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Why Keep a Journal

Are you thinking of starting a journal, but aren't sure if you would benefit from the time spent? People keep journals and diaries for many reasons. Yes, you need to set aside some time for making entries, but overall, most find that it's time well spent.

You may decide to use an elegant blank book, or a cheap spiral notebook, or dedicated journaling software, or simply a text file on your computer. The process and benefits are basically the same in any format.

pile of blank journals


Some people keep journals for self-discovery. It's a great way to know and understand yourself. Writing down your thoughts helps you view your feelings, ideas, and reactions more objectively. It helps make sense of a situation or how you reacted, physically or emotionally.

In this case, journals provide a place for a brain dump of whatever's on your mind. Sometimes you just need to get your thoughts down to process them. Stream-of-conscious writing can help work through a problem or get concerns off your mind.

Writing about an issue can help you clear your head, relax, and reduce stress.


You might keep a diary to record events and thoughts for the future. Browsing your own journals from decades earlier can be enlightening and self-affirming. Recording your life's events can help you remember details.

Believe me. You think you'll never forget the details of some situation, but you eventually will. If it's important, record it. The memory may be clear and strong now but may not be later. Memory is warped by time.

Many times, I've searched my old journals for something specific and found that I didn't record as much as I wish I had. I assumed I'd remember who someone was or what some other event was that I referred to. You'll appreciate more accuracy later.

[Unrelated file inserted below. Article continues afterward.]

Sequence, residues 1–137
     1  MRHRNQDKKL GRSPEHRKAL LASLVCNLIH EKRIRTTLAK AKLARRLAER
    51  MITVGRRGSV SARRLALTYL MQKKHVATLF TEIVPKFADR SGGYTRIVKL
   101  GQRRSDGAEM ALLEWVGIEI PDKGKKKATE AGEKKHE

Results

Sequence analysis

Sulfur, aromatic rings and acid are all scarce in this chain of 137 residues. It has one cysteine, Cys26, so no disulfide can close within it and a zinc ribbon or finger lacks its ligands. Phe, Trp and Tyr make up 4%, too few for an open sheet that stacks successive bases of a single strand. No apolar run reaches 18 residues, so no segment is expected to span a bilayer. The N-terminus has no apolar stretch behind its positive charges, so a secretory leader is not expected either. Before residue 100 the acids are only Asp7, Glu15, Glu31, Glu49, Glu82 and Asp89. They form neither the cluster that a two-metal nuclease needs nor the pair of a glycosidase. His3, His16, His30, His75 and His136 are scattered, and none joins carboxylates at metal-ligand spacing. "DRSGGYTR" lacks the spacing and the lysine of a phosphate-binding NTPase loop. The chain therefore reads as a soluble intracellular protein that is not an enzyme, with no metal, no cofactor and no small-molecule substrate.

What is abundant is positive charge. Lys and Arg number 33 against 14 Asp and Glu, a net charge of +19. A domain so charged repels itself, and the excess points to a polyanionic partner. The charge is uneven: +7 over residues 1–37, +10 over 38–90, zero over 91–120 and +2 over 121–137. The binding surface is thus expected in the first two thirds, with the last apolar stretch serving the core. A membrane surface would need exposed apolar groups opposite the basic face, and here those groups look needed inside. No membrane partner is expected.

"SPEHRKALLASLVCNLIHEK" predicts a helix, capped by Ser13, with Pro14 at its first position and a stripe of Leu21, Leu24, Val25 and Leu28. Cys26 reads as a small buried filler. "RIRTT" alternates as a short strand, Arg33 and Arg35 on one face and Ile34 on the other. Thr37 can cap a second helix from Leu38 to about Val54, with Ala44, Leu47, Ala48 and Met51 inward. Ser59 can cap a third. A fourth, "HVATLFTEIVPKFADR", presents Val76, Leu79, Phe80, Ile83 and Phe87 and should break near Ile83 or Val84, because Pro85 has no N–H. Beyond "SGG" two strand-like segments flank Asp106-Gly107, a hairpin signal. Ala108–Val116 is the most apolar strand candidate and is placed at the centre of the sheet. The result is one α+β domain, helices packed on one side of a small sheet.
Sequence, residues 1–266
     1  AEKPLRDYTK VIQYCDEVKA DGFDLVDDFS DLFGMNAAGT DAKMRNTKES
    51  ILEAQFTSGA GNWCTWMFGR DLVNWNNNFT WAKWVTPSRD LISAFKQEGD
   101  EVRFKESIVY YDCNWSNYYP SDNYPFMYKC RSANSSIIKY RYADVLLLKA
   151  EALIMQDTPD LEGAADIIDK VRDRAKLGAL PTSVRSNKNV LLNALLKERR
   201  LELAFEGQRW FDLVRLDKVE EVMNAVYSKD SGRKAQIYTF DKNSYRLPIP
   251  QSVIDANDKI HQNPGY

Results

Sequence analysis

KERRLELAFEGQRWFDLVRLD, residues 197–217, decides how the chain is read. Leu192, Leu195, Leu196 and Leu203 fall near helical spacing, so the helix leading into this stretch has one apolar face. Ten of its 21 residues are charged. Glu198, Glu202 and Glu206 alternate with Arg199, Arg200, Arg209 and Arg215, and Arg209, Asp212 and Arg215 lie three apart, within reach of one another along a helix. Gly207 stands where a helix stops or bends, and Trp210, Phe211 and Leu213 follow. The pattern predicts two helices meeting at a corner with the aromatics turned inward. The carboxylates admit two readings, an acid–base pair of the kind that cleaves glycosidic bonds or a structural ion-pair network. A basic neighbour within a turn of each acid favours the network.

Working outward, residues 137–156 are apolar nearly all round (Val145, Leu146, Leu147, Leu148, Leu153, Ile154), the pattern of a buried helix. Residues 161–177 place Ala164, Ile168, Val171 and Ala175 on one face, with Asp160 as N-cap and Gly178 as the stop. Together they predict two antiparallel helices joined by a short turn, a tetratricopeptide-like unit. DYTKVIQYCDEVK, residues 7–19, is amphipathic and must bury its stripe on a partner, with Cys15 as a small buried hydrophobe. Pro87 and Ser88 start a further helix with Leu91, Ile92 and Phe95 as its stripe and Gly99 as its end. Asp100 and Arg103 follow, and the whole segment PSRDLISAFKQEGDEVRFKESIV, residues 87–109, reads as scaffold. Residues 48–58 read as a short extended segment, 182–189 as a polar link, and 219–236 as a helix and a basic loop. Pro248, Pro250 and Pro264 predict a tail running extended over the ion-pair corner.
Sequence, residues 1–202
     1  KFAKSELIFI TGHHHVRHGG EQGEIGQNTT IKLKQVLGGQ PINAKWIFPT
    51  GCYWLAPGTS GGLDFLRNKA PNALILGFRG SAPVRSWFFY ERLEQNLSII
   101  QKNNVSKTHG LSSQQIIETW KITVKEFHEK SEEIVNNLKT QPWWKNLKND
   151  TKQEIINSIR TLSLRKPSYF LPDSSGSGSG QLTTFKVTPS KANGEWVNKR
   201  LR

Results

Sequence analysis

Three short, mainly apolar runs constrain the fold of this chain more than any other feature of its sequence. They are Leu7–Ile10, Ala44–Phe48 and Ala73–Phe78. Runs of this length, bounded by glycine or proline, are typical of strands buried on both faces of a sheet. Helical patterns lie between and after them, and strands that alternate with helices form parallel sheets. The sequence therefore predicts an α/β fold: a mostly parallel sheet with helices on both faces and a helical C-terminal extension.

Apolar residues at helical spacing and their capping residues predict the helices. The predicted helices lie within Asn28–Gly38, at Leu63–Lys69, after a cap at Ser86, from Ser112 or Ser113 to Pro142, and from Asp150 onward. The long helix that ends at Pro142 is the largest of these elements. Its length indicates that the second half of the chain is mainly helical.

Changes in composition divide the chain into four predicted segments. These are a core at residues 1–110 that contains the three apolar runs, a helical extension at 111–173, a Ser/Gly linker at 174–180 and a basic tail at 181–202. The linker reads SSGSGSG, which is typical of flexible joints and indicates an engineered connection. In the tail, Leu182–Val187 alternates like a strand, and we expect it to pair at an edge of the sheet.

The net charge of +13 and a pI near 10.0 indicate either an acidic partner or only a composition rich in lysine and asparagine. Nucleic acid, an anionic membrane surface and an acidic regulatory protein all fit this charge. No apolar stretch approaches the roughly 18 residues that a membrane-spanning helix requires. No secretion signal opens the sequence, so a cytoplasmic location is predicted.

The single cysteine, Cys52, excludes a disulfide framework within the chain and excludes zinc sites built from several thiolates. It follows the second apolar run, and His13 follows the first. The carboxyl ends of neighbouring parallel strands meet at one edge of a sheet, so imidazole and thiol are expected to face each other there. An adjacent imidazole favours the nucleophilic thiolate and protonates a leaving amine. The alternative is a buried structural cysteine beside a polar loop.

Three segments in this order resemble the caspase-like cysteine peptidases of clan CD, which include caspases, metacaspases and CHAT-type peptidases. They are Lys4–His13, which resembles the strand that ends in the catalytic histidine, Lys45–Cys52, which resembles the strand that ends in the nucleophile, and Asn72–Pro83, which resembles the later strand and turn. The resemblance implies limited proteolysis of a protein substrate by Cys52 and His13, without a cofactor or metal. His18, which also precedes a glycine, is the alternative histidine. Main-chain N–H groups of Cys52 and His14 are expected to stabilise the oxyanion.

Goals and Progress

Some people use journals to track their goals and their progress towards them. Record long-term goals and the short-term plans you have to reach them. This is handy for later review.

Note your successes. Reviewing successes later, perhaps when progress isn't going as well, reassures you of what you're capable of and helps motivation. If you use software that allows tagging entries, tag these entries for "motivation" or "success" so you can easily locate them when you need a boost later.

Also track lessons learned, setbacks, and failures. By writing down what you learn, you reinforce the lesson and help avoid similar mistakes later.


Many writers keep journals. They're great for exercising your creativity and writing skills. As with any other skill, practice builds up your creative muscle. Here, you don't need to worry that anyone else will ever read your scribblings. You can abandon editing and let your writing flow. Explore new techniques and topics. Safely and privately write about personal topics that you may never publish publicly.

Besides the writing practice, journals can be a useful place to collect ideas and snippets for projects you haven't started yet.

All of the Above

Of course, you don't have to limit yourself only one of these purposes. You can use one journal to explore, record, track, and create. There are no rules.

I've kept journals in various forms since I was a teenager. Through the years, I sometimes let my journaling slide for years when I was unusually busy. And always, whenever I let it slide, I regretted it. Years later, I wished I had more records of that time period, of my thoughts, activities, goals, and decisions... of where I was on my journey.

If you decide to keep a journal and want to use a software option, consider trying Personal Knowbase for Journaling.